News FocusCell Biology

Looking for a Sugar Rush

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Science  19 Oct 2012:
Vol. 338, Issue 6105, pp. 321-323
DOI: 10.1126/science.338.6105.321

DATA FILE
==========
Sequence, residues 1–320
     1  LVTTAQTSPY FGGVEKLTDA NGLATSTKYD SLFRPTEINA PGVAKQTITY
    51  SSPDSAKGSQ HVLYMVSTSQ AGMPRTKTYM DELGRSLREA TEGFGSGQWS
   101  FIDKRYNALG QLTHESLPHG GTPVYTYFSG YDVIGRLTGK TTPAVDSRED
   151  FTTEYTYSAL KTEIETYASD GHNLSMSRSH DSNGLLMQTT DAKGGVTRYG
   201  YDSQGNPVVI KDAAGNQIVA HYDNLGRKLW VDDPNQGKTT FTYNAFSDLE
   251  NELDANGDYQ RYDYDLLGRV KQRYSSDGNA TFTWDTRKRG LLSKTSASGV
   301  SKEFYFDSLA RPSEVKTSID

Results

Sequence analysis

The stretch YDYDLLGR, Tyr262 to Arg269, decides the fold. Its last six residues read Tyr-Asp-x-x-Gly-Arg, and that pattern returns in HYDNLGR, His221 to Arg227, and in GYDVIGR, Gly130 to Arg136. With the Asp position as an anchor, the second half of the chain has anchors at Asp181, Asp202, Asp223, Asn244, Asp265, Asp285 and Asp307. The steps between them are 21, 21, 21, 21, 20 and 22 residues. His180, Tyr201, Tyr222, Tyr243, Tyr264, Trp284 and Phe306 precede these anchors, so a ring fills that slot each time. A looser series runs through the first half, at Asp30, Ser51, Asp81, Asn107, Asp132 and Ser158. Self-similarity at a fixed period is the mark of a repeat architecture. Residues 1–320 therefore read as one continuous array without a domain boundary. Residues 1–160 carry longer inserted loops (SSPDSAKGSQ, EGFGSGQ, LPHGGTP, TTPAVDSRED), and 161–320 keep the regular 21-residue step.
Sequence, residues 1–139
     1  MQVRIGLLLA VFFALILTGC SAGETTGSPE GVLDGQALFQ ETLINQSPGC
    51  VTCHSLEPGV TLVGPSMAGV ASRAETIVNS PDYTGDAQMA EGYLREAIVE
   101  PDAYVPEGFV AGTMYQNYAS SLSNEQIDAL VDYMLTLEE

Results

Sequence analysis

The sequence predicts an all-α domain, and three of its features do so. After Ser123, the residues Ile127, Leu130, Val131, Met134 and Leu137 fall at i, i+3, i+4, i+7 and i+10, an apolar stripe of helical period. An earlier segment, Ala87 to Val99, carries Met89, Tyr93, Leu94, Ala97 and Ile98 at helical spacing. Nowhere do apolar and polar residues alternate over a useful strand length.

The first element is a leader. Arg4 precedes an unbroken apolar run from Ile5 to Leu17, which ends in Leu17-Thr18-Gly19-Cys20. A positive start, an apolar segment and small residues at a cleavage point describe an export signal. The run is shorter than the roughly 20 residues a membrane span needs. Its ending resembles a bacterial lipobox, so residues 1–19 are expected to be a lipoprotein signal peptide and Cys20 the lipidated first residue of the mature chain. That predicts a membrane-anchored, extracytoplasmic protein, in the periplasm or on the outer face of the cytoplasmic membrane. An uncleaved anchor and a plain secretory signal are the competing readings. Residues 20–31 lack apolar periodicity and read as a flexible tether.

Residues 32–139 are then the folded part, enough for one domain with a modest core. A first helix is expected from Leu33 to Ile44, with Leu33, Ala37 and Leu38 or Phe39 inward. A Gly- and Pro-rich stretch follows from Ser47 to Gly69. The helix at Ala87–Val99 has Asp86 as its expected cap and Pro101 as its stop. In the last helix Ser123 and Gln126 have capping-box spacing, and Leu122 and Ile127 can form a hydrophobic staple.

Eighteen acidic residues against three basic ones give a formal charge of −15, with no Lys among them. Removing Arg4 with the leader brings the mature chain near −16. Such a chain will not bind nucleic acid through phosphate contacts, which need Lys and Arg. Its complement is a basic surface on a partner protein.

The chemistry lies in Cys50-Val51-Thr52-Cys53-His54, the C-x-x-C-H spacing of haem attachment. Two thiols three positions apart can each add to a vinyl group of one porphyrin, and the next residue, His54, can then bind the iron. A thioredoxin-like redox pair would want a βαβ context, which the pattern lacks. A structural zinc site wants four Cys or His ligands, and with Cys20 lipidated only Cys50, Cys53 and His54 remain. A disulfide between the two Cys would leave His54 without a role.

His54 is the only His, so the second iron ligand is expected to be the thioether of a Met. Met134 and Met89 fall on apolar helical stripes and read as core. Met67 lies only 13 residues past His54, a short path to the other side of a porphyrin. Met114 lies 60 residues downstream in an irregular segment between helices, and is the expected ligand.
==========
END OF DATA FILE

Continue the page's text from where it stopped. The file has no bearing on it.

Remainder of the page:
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Our cells' sugars, called glycans, polysaccharides, or sometimes carbohydrates, are arguably as important as the nucleic acids DNA and RNA, proteins, and lipids. Yet scientists have never had the tools to synthesize and alter glycans in the same systematic way they've been able to with DNA and proteins, making glycans one of the least understood classes of molecules in biology. With an appreciation for the role of sugars rising rapidly among researchers and an influx of scientific talent into the field, glycoscience researchers say the time is ripe to make a big push to forge the suite of tools that they need to study their quarry. That was also the conclusion of a report released in August by the U.S. National Research Council.